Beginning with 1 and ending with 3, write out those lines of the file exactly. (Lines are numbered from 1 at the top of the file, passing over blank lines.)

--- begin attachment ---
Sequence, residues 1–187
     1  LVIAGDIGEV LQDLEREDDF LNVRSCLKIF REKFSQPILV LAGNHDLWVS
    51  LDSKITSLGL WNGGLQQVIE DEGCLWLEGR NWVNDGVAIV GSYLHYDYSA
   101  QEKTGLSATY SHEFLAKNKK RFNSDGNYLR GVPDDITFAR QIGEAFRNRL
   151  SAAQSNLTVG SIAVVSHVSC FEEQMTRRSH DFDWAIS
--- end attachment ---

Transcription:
Sequence, residues 1–187
     1  LVIAGDIGEV LQDLEREDDF LNVRSCLKIF REKFSQPILV LAGNHDLWVS
    51  LDSKITSLGL WNGGLQQVIE DEGCLWLEGR NWVNDGVAIV GSYLHYDYSA